MARGARET WARNER: So, Professor Postol, what do you think this weekend's test told us about the feasibility of a missile defense system?
THEODORE POSTOL: Well, I agree with Mr. Coyle completely. I think the test does show the very high level of guidance and control capability to hit what I would call a cooperatively... a cooperating target. And that is an impressive technical achievement. But it doesn't in any way address the very fundamental problem that Mr. Coyle already pointed to, which is the problem of decoys. For example, the balloon that was deployed along with the warhead is nearly ten times brighter than the warhead. And there is no discrimination involved here.
Basically what's going on is the kill vehicle sees the balloon and it sees the warhead and it says, oh, this object was very bright relative to this other object. I have been told to home on the less bright object. So it homes on the less bright object. If you took the balloon and you put the warhead inside it, for example, and then took another balloon that was empty -- or for that matter dozens of other balloons that were empty -- and each of these balloons you intentionally put stripes on or had slightly different coatings, what the kill vehicle would see is a bunch of objects in front of it all of which looked slightly different and the kill vehicle could measure these slight differences but it would have no way of knowing why these slight differences occur.
So essentially it would essentially have a probability of one over n, where n is the number of objects you're trying to hit, in terms of hitting the target. It would only hit one out of 20. It would have a very low probability of picking the right target.
MARGARET WARNER: Okay, so are you saying, and I probably won't use very accurate technical language here but essentially that what the test showed is the ability to guide this kill vehicle but it really showed no capability yet for the kill vehicle to discriminate among targets?
THEODORE POSTOL: That's right. And, in fact, the first test that was done showed that they had a very, very difficult time discriminating between objects. There were a series of objects that looked quite alike.
MARGARET WARNER: You're talking now about the very first test, what, two years ago?
THEODORE POSTOL: This was in 1998.
MARGARET WARNER: Three years ago.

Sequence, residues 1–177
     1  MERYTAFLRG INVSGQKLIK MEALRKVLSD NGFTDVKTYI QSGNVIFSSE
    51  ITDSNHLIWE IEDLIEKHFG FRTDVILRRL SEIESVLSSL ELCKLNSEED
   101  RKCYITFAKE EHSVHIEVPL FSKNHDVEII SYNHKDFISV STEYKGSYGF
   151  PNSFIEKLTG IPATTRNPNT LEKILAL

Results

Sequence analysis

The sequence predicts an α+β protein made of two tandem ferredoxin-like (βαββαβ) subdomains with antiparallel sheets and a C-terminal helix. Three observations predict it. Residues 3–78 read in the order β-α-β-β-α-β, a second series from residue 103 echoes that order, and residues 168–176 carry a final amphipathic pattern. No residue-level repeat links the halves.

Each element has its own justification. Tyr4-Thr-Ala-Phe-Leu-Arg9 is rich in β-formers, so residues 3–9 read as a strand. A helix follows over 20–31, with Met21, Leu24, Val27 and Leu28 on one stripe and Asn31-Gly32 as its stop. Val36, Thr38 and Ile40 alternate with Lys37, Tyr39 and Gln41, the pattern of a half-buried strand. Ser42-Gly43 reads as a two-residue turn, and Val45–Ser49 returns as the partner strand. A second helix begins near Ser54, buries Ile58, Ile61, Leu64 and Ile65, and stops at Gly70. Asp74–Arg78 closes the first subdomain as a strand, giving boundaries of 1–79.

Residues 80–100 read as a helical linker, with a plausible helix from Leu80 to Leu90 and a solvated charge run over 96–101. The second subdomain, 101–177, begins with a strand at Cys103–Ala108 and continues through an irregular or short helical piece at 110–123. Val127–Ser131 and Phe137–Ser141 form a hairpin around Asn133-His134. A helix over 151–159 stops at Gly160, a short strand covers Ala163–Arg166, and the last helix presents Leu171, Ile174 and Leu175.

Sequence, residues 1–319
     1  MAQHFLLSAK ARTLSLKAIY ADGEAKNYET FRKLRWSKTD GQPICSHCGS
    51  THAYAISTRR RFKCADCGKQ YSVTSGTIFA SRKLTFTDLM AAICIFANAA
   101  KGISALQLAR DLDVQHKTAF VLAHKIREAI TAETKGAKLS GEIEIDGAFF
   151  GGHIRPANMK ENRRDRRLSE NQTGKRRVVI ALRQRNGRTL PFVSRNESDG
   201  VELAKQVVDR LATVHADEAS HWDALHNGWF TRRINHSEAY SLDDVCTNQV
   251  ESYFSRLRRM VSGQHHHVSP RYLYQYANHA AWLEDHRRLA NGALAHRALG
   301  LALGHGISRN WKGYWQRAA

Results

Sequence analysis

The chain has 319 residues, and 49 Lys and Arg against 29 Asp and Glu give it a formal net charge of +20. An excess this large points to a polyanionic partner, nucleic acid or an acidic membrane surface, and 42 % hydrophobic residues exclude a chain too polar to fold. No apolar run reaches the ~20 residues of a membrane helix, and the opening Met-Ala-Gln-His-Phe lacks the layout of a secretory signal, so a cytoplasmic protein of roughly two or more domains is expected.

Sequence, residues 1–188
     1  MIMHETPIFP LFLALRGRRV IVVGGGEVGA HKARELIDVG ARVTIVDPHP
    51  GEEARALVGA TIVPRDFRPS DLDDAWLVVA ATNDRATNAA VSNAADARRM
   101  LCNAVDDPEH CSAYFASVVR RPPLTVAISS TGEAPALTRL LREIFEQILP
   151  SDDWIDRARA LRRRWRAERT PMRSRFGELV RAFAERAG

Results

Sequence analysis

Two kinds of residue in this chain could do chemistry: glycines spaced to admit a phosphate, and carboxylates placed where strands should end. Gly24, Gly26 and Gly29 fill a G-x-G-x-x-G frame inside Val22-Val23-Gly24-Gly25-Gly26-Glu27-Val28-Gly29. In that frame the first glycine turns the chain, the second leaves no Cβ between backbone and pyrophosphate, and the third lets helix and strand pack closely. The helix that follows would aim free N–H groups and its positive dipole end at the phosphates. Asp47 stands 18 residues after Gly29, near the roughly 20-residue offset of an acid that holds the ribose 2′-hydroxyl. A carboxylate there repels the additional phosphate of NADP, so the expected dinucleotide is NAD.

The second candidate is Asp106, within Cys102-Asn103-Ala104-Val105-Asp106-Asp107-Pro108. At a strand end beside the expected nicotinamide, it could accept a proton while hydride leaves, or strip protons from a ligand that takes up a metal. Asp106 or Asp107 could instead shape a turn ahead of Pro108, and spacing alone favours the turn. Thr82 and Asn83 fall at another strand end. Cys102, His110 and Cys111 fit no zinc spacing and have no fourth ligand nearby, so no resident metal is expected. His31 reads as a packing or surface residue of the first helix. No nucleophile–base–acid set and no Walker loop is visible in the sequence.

THEODORE POSTOL: This was a test that was prior to the four tests we have just had. There were two tests that were just intended to understand what objects look like in space. Basically one of the tests, the one test that we have public data for, shows that it's quite easy to make objects that look credibly like, for example, a tumbling warhead.
MARGARET WARNER: Let me get Mr. Graham in here. William Graham, tell me what you thought this weekend's test showed us.
WILLIAM GRAHAM: First it showed that the systems that we had developed to execute this intercept worked as the models predicted and as we had had anticipated. That's very encouraging news. We're going to go forward with a very intense series of tests, each of which will be more complicated than the last over the next two or three years. You don't start testing the most difficult problem in your early tests.
You move forward in a step-by-step fashion. But at least we now have a situation where the administration is supporting an active program to make a best effort in developing a ballistic missile defense system. That's something we haven't had before. I think we'll find, going forward, that it's not easy to make the countermeasures that others have described perhaps except as pieces of imaginary engineering. Certainly when the U.S. has made countermeasures in the past, we found them very challenging engineering problems.
But it's worth noting that if people test countermeasures, we have the best observation and data collection resources in the world to watch those countermeasure tests. We're going to know more about the performance of their countermeasures than they will by the time they deploy them. If they don't test them, they have a very low chance of working if used in a real military scenario.
MARGARET WARNER: Do you agree with Professor Postol that the testing so far doesn't show one way or another, doesn't demonstrate an ability to discriminate among any kind of realistic sets of targets?
WILLIAM GRAHAM: Well, let me go back one step and say what we're doing. I wouldn't characterize these tests as hitting a bullet with a bullet. I'm an engineer and I would characterize them a little more accurately as saying we're hitting an offensive warhead about the size of a garbage can with a super computer. That interceptor is not a bullet. It's a very, very intelligent robot that's maneuvering and navigating itself on the signals it sees with its optical sensors right up to the intercept.
We have an initial decoy, a balloon. It's not the most complicated decoy we can think of but it's certainly a decoy that the world knows about and we're going to continue the tests with more and more complicated countermeasures. But the Defense Department's also pursuing a ballistic missile defense program that looks at other phases, boost phase, for example.